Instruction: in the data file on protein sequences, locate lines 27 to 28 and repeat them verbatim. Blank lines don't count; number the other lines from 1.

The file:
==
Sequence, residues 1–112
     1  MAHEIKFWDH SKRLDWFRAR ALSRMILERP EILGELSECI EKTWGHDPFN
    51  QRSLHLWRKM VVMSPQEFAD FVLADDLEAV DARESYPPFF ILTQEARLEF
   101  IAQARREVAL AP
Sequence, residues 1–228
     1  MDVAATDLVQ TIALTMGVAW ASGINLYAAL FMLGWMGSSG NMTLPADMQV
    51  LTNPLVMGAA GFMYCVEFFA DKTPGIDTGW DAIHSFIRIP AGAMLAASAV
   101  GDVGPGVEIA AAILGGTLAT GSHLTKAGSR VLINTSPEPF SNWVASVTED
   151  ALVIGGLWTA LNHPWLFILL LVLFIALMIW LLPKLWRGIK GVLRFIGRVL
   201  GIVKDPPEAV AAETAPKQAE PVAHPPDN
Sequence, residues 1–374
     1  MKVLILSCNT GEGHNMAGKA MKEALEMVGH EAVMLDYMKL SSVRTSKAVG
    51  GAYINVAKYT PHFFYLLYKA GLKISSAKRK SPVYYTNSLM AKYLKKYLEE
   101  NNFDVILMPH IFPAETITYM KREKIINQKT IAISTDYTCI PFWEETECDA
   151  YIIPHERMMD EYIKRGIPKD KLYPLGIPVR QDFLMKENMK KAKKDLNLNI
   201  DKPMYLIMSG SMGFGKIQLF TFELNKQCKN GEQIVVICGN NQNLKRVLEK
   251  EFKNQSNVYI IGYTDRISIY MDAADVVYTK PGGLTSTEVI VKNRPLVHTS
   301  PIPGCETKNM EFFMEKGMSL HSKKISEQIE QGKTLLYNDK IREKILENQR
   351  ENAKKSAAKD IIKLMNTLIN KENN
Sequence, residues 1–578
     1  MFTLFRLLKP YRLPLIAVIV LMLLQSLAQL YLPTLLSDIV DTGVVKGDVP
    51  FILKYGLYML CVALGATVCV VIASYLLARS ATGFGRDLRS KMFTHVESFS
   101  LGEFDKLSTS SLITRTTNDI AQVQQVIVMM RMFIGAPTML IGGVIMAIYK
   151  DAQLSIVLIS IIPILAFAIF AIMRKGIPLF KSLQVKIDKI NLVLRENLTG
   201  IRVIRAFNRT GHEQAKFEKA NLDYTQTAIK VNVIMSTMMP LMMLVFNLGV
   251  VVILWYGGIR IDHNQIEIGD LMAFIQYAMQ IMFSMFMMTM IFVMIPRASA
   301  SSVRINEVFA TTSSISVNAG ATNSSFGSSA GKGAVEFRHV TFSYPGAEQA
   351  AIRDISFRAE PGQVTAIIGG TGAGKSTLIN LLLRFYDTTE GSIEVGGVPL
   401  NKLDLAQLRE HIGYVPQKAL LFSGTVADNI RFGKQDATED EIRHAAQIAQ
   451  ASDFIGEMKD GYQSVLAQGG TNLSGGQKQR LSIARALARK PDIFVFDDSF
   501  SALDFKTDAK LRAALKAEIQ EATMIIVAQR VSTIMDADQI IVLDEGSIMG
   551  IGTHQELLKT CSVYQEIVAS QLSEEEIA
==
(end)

   301  SSVRINEVFA TTSSISVNAG ATNSSFGSSA GKGAVEFRHV TFSYPGAEQA
   351  AIRDISFRAE PGQVTAIIGG TGAGKSTLIN LLLRFYDTTE GSIEVGGVPL